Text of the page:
By Tom Baxter
In this legacy year of Georgia politics, we have a Carter, a Nunn and a Perdue on the ballot. But the voice from the past we’ll remember from this election — if only because we’ve heard it so often — is likely to be that of Zell Miller.
Is there another politician in the country who would be asked to cut a spot for a Republican candidate for governor and a Democratic candidate for U.S. Senate, and is there another politician with the gall to accept both offers?
Miller’s endorsements of Nathan Deal in the governor’s race and Michelle Nunn in the U.S. Senate race makes a fitting counterpoint to all the PAC-fueled partisanship of this political season. He has managed to put his persnickety stamp on this election, even without a descendent on the ballot. In an era of increasing regimentation by the parties, the old Marine is still doing it his way.
Miller’s cross-party endorsements may have puzzled newcomers, or voters too young to remember the famous zigs and zags of Miller’s career. There will be more of those voters when the state votes again in two years, and fewer of those who retain some attachment to the politics of Georgia in the last century. The youngest voter in the 2000 special election, which was Miller’s last run for office, turned 32 this year.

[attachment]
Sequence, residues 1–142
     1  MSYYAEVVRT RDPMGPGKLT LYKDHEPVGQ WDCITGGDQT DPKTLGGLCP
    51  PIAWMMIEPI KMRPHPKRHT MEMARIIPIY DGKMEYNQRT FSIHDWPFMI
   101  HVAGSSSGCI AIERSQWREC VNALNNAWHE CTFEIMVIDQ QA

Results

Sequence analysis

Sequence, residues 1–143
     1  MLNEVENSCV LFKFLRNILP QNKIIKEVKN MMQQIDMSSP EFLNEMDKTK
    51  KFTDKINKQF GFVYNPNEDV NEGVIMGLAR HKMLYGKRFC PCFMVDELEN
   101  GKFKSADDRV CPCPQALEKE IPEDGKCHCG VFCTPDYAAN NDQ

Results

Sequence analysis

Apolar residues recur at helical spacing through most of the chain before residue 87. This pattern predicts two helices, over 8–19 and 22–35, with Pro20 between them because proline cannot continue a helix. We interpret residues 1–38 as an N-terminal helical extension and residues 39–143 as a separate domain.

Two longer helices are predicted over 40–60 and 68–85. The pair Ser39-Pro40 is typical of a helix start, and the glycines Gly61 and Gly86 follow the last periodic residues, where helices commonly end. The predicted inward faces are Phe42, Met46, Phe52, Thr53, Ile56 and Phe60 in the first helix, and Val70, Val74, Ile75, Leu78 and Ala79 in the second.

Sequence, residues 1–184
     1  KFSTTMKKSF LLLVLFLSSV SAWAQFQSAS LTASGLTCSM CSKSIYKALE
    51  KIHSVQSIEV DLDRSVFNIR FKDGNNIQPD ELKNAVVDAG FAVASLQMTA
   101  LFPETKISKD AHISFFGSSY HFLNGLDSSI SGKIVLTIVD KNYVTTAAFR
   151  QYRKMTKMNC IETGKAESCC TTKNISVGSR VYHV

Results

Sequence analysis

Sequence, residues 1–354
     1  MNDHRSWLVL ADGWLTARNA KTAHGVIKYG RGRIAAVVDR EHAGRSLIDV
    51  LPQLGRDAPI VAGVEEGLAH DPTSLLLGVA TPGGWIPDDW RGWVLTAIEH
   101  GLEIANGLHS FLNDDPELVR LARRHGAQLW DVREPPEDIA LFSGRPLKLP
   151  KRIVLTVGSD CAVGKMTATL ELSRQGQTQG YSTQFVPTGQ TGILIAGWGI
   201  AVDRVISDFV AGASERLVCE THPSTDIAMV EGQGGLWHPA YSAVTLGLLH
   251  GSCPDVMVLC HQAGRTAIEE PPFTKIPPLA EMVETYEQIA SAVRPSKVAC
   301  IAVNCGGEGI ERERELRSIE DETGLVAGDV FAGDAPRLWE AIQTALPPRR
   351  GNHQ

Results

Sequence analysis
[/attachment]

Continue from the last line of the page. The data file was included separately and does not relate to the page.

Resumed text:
Regardless who wins at the polls this week, the electorate they’ll encounter two or four years down the line will be generally less familiar with all the famous names that marked this year of passage from one political generation to another.
This sense of passage is perhaps best encapsulated by Clayton County, which for years was represented by the powerful tandem of House Rules Chairman Bill Lee and state Sen. Terrell Starr. Lee, who died last week at the age of 88, represented a political era a world apart from the one in which Clayton County voters will decide whether or not to become part of MARTA.
The voters who will be casting their first ballots this year have known little other than Republican control over virtually all state government, and even with a big upset or two that’s not going to change for a while. But the close races waged by the Democrats in this year’s marquee bouts set the stage for what could be a very lively presidential election year in Georgia.
These are big races this year, with important implications for the state and the balance of power in Washington. But in terms of the state’s future, the most important races may not be those at the top of the ballot, but the little-noticed contests in which a new generation finds its way.
Check back after the election for some parting thoughts about what it all meant.